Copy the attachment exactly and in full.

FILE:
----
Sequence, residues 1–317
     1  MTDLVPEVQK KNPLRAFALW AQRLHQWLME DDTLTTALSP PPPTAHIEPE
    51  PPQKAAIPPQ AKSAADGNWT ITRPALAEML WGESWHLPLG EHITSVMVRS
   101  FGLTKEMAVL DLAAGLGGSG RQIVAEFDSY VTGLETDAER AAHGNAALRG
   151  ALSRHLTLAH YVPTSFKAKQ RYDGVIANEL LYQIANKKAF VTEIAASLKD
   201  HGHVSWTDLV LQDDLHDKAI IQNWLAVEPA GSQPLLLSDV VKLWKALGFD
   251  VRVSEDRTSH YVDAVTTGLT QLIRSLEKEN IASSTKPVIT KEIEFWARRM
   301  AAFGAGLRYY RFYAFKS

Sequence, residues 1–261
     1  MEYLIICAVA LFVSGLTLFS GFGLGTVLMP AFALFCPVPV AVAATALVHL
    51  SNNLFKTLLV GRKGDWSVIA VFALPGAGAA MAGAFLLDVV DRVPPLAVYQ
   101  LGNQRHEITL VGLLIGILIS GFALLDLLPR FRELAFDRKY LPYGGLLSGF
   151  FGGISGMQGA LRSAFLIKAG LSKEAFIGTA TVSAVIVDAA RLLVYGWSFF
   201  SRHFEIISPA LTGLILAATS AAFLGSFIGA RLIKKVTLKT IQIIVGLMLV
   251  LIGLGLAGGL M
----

Sequence, residues 1–317
     1  MTDLVPEVQK KNPLRAFALW AQRLHQWLME DDTLTTALSP PPPTAHIEPE
    51  PPQKAAIPPQ AKSAADGNWT ITRPALAEML WGESWHLPLG EHITSVMVRS
   101  FGLTKEMAVL DLAAGLGGSG RQIVAEFDSY VTGLETDAER AAHGNAALRG
   151  ALSRHLTLAH YVPTSFKAKQ RYDGVIANEL LYQIANKKAF VTEIAASLKD
   201  HGHVSWTDLV LQDDLHDKAI IQNWLAVEPA GSQPLLLSDV VKLWKALGFD
   251  VRVSEDRTSH YVDAVTTGLT QLIRSLEKEN IASSTKPVIT KEIEFWARRM
   301  AAFGAGLRYY RFYAFKS

Sequence, residues 1–261
     1  MEYLIICAVA LFVSGLTLFS GFGLGTVLMP AFALFCPVPV AVAATALVHL
    51  SNNLFKTLLV GRKGDWSVIA VFALPGAGAA MAGAFLLDVV DRVPPLAVYQ
   101  LGNQRHEITL VGLLIGILIS GFALLDLLPR FRELAFDRKY LPYGGLLSGF
   151  FGGISGMQGA LRSAFLIKAG LSKEAFIGTA TVSAVIVDAA RLLVYGWSFF
   201  SRHFEIISPA LTGLILAATS AAFLGSFIGA RLIKKVTLKT IQIIVGLMLV
   251  LIGLGLAGGL M